North America and Canada
Leaves and fruit
The fruit and leaves of the Raspberry bush have an extremely long history of human consumption that stretches all the way back to prehistoric times. Archaeological evidence shows that Palaeolithic cave dwellers ate raspberries and this delectable fruit has been a part of the human diet ever since!
Whilst the Raspberry was prized for its sweet, juicy red fruit, the leaves were highly valued for their medicinal properties – especially for problems that affected the fairer sex. Teas, tisanes and tinctures prepared from the leaves have been extensively used to ease menstrual cramps, aid in childbirth, promote lactation and much more.
These succulent red berries are high in fibre, water and prebiotic compounds. The high fibre and water content can help to prevent constipation and keep the digestive tract healthy. Ensuring we are getting enough dietary fibre promotes regular bowel movements and helps to delay gastric emptying – meaning you feel fuller for longer.
The prebiotic compounds in Raspberries feed the healthy probiotic colonies that live in all areas of the digestive system. A healthy gut will enhance nutrient absorption which in turn will boost overall health.
Raspberries are a rich source of manganese, a compound that is needed to activate the necessary enzymes needed to metabolise cholesterol, amino acids and carbohydrates.
Raspberry leaf tea can also be consumed as a digestive tonic. It is effective in stimulating and harmonising the digestive system and can help in cases of nausea, indigestion, constipation and diarrhoea.
One of the biggest fads to hit the world of dieting in recent decades was the discovery of Raspberry ketones for miraculous weight loss.
Whilst some research has found that the ketones found in Raspberries do enhance lipid (fat) metabolism, it is always important to base any weight-loss regimen on a healthy diet and a program of exercise. The way ketones do this is by increasing levels of adiponectin, a protein which accelerates the breakdown of fat.
Another excellent reason to include Raspberries in a healthy weight loss plan is that they are fat-free and have a low glycaemic index (GI). Low GI foods have a minimal impact on blood sugar, meaning your blood sugar levels won’t spike, leading to a crash that can trigger sugar cravings.
As a uterine tonic, Raspberry Leaf is hard to beat. Used for millennia to support women throughout their reproductive lives, Raspberry Leaf contains a plant alkaloid known as fragarine which has been found to simultaneously tone and relax the uterine muscle which helps to balance the muscular action of the uterus.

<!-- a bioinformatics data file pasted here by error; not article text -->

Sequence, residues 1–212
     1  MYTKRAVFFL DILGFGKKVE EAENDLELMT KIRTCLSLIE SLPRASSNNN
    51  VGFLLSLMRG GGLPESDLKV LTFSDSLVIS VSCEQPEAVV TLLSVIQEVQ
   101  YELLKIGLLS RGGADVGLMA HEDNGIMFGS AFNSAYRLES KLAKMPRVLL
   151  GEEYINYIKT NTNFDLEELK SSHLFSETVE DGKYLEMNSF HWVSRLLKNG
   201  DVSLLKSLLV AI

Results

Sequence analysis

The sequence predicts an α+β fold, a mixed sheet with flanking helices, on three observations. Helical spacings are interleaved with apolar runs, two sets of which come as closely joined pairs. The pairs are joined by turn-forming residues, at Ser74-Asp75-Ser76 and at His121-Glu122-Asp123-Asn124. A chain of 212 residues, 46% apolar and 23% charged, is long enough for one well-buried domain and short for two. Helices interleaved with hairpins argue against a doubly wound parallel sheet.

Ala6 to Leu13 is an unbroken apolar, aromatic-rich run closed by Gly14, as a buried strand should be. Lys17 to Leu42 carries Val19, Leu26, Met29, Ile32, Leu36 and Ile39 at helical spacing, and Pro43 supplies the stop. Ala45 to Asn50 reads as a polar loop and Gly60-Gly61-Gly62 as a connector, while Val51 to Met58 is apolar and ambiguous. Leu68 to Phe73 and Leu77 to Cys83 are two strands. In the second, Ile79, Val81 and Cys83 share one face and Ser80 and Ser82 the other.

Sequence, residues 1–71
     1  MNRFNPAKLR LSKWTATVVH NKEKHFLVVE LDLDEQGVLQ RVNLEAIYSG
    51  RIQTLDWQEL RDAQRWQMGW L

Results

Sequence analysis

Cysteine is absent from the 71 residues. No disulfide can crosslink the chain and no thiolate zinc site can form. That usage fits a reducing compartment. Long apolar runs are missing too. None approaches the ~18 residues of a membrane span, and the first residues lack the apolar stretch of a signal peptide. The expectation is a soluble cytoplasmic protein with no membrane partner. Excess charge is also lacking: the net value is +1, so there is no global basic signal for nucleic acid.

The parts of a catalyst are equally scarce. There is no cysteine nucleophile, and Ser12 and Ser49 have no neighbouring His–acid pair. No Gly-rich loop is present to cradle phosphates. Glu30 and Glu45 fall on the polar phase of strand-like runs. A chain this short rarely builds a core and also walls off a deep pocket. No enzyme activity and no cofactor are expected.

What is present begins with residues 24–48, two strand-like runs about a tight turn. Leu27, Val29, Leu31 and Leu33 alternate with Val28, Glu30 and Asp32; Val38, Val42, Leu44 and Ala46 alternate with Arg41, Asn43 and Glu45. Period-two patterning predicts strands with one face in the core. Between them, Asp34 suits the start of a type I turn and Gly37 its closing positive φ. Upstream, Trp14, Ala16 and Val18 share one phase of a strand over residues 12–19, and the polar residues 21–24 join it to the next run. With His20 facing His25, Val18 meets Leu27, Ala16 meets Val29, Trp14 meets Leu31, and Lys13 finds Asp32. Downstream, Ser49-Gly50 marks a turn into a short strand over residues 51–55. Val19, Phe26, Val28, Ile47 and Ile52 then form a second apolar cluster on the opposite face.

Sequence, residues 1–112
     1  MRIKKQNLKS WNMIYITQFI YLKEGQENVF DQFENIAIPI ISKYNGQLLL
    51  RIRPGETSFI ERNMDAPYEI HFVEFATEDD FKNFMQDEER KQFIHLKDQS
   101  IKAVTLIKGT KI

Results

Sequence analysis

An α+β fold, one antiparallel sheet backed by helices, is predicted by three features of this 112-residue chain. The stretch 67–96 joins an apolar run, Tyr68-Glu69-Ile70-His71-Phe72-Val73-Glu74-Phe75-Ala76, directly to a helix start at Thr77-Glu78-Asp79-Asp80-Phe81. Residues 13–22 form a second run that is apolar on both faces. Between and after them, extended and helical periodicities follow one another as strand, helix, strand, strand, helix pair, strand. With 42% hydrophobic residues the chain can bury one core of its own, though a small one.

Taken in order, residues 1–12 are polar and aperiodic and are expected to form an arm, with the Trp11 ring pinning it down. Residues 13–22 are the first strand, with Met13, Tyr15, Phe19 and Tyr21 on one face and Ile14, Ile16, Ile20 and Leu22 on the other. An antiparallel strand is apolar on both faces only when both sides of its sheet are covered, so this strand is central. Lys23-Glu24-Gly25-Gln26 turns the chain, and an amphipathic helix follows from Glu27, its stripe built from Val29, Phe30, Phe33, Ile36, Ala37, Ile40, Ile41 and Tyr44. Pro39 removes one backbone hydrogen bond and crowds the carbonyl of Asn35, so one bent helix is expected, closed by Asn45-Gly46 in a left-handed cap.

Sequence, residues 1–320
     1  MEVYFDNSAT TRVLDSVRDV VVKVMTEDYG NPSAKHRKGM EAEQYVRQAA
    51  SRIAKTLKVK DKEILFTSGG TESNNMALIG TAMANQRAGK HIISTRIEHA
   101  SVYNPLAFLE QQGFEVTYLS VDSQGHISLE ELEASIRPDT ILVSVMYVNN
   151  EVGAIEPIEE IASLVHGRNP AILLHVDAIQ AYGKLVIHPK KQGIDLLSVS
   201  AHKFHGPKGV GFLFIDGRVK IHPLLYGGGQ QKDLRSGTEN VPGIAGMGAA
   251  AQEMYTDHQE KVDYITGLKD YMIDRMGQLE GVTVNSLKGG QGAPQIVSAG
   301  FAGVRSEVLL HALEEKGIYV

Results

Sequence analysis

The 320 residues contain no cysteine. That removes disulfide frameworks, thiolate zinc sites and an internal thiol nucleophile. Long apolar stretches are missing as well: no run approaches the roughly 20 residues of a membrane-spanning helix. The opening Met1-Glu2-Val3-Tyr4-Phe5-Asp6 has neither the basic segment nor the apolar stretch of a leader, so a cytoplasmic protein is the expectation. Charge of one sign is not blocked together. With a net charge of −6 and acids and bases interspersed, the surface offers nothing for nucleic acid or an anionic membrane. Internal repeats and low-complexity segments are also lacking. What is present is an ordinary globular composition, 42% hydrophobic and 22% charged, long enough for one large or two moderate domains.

It also has astringent properties which work together with fragarine to help tighten and tone the uterine and pelvic muscles. This action can help to alleviate menstrual cramping, excessive bleeding and may be of assistance in cases of uterine prolapse.
Pregnancy / Childbirth
Throughout pregnancy and childbirth, Raspberry Leaf has long been recommended by herbalists and midwives to help prepare the uterus for an effective birth. Its unique action in relaxing over tense muscles and tightening and toning over relaxed muscles, Raspberry Leaf enables the uterus to contract effectively during childbirth.
Many studies have backed up what were once thought of as “old wives’ tales” about this herb. In one study published in the “Australian College of Midwives Journal”, 108 mothers to be were divided into two groups. It was found that the group who consumed Raspberry Leaf products experienced shorter labour and neither the mother or baby had any identifiable side effects.
Furthermore, the American Pregnancy Association recommends that drinking the tea reduces the need for intervention in childbirth.
Postnatally, the astringent qualities of Raspberry Leaf act on the uterus, restoring tone whilst helping with bleeding and swelling. Additionally, it is thought to enrich breast milk and promote healthy lactation.
Raspberry Leaf Tea
Use 1 - 2 teaspoons per cup and let the leaves steep for 5 minutes.
Raspberry Leaf Tincture
Can be added to water or fruit juice. Traditionally taken 2 - 4 mls upto three times per day, or as directed by a Herbal Practitioner.
Add to smoothies, baked goods or use as a natural flavouring.
It is believed that Roman soldiers spread the cultivation of the Raspberry bush throughout Europe. It gradually grew in popularity over the centuries, and by the 1500's, Raspberries were cultivated all over Europe.
The 13th century English king, Edward I, is credited with encouraging the cultivation of Raspberries throughout England.
In Medieval Europe, Raspberries were considered both medicinal and nutritional. Their juices were also used in paintings and in the illuminated religious manuscripts.
When settlers from Europe came to America, they found Native Americans already utilising and eating raspberries. Due to the nomadic nature of this culture, berries were dried for preservation and ease of transportation. Settlers also brought cultivated raspberries that were native to Europe with them to the new colonies.
Polypeptides, flavonoids, mainly kaempferol and quercitin, tannins, fruit sugar, volatile oil, pectin, citric acid, malic acid.
There is some controversy around when to consume Raspberry Leaf during pregnancy. Most herbalists recommend starting around the 2nd or 3rd trimester. Please contact your healthcare practitioner before consuming Raspberry Leaf products during pregnancy.